Legislation was proposed by State Rep. Vicki Nardello, vice chairman of the legislature’s Energy and Technology Committee to allow Connecticut’s two utilities to get back into the power generation business, subject to state regulation (Associated Press, January 31, 2007)
Preliminary to submitting her budget, Gov. Jodi Rell said she will call for a major transformation in state energy planning, including a new Department of Energy that will take over policy making authority not in the hands of the state Department of Public Utility Control (EPD, February 6, 2007, page 1)
o Delaware: The governor issued an order seeking to blunt rate hikes possibly exceeding 100% for some customers – 59% for residentials (EPD, Feb. 9, 2006, page 1)
She created a Cabinet Committee on Energy including the heads of six state departments plus the Office of Management and Budget and the Delaware Economic Development office. The Committee recommended requiring Delmarva Power to build rate based plants and a return to cost-of-service regulation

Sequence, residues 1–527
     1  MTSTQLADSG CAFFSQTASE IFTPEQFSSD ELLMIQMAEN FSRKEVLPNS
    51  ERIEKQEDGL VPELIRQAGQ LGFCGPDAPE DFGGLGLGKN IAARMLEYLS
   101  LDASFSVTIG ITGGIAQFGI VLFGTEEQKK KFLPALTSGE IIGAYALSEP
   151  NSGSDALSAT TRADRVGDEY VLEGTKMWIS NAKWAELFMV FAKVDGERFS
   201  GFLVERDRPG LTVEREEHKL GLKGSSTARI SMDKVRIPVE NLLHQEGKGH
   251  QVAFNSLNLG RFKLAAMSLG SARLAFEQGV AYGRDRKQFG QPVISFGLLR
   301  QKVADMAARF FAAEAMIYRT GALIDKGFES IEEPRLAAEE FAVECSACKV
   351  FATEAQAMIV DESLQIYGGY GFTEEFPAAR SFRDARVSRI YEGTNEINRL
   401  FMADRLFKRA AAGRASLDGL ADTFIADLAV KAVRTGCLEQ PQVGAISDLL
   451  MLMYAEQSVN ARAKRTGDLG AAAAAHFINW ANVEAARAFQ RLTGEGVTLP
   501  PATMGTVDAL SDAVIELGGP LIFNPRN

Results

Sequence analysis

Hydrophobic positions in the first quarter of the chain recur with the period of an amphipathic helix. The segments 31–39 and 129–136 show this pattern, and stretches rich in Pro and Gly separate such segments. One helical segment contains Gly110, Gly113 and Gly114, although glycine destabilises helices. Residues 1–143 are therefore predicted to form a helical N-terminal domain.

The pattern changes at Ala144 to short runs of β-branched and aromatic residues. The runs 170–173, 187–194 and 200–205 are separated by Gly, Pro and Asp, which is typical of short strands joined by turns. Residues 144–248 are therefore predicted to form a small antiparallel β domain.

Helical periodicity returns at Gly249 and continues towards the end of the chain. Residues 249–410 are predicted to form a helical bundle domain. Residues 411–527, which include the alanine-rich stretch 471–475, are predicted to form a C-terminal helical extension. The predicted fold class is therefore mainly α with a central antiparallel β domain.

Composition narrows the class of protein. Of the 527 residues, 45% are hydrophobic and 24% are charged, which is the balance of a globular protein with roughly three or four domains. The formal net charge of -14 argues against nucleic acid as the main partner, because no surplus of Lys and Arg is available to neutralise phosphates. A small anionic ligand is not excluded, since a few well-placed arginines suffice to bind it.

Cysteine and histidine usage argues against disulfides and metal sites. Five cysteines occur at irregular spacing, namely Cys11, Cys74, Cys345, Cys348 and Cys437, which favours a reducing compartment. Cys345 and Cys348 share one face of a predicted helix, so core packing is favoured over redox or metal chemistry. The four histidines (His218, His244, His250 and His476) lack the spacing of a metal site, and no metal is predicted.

Political activist Richard Korn and the Rev. Christopher A. Bullock, who leads an influential Baptist church in Wilmington, sent federal antitrust lawyers a letter asking them to study whether any aspect of deregulation in Delaware violates U.S. antitrust laws. (The News Journal, March 10, 2006)
Occidental Chemical closed a major chlor-alkali facility in Delaware City on Nov. 10, 2005, citing high electricity costs as the primary factor (http://www.elcon.org/Documents/FERCFilings/ELCONSupplementalComments.pdf, page 43)
The Delaware Office of Management & Budget and the Office of the Controller General issues a solicitation on November 28, 2006 for a consultant “…to produce a study on the potential effects of re-regulation of the electric industry.” Democratic Governor Ruth Ann Miner issues an executive order calling for a phase in of residential electricity price increases, for Delmarva Power to solicit in-state capacity and for state agencies to consider re-regulation. The Legislature called for similar measures. The consultant must report on recent developments in re-regulating electricity supply in other states and on “…any efforts to suspend or otherwise back away from deregulatory efforts.” The firm must also outline the benefits and shortcomings of re-regulation, and estimate the economic costs to the state and the power industry of re-regulation. (EPD, November 30, 2006, page 1)